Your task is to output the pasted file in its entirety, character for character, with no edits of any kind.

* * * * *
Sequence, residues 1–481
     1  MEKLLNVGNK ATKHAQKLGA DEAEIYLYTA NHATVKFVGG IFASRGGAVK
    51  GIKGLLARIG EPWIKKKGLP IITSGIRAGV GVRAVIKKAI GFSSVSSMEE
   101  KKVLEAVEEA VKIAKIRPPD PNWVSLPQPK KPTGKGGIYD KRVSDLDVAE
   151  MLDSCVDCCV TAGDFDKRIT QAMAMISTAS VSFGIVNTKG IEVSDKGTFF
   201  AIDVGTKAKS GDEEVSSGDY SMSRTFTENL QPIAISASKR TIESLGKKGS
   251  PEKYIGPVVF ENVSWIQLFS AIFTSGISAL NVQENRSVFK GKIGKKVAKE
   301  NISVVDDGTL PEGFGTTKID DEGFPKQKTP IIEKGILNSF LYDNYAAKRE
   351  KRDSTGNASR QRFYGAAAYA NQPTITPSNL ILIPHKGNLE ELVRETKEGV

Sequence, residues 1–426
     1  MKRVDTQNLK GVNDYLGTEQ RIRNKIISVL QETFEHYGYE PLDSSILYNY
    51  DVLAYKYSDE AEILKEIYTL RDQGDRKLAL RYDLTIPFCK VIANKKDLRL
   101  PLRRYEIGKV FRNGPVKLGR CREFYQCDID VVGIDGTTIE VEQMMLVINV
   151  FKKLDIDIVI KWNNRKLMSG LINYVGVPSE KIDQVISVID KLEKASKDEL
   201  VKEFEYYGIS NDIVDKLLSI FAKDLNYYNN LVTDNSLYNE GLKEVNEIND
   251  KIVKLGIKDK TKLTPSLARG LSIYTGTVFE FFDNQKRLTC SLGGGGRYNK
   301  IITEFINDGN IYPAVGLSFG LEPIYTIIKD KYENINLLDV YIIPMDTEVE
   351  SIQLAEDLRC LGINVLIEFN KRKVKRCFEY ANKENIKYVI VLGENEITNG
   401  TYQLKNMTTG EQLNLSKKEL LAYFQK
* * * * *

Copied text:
Sequence, residues 1–481
     1  MEKLLNVGNK ATKHAQKLGA DEAEIYLYTA NHATVKFVGG IFASRGGAVK
    51  GIKGLLARIG EPWIKKKGLP IITSGIRAGV GVRAVIKKAI GFSSVSSMEE
   101  KKVLEAVEEA VKIAKIRPPD PNWVSLPQPK KPTGKGGIYD KRVSDLDVAE
   151  MLDSCVDCCV TAGDFDKRIT QAMAMISTAS VSFGIVNTKG IEVSDKGTFF
   201  AIDVGTKAKS GDEEVSSGDY SMSRTFTENL QPIAISASKR TIESLGKKGS
   251  PEKYIGPVVF ENVSWIQLFS AIFTSGISAL NVQENRSVFK GKIGKKVAKE
   301  NISVVDDGTL PEGFGTTKID DEGFPKQKTP IIEKGILNSF LYDNYAAKRE
   351  KRDSTGNASR QRFYGAAAYA NQPTITPSNL ILIPHKGNLE ELVRETKEGV

Sequence, residues 1–426
     1  MKRVDTQNLK GVNDYLGTEQ RIRNKIISVL QETFEHYGYE PLDSSILYNY
    51  DVLAYKYSDE AEILKEIYTL RDQGDRKLAL RYDLTIPFCK VIANKKDLRL
   101  PLRRYEIGKV FRNGPVKLGR CREFYQCDID VVGIDGTTIE VEQMMLVINV
   151  FKKLDIDIVI KWNNRKLMSG LINYVGVPSE KIDQVISVID KLEKASKDEL
   201  VKEFEYYGIS NDIVDKLLSI FAKDLNYYNN LVTDNSLYNE GLKEVNEIND
   251  KIVKLGIKDK TKLTPSLARG LSIYTGTVFE FFDNQKRLTC SLGGGGRYNK
   301  IITEFINDGN IYPAVGLSFG LEPIYTIIKD KYENINLLDV YIIPMDTEVE
   351  SIQLAEDLRC LGINVLIEFN KRKVKRCFEY ANKENIKYVI VLGENEITNG
   401  TYQLKNMTTG EQLNLSKKEL LAYFQK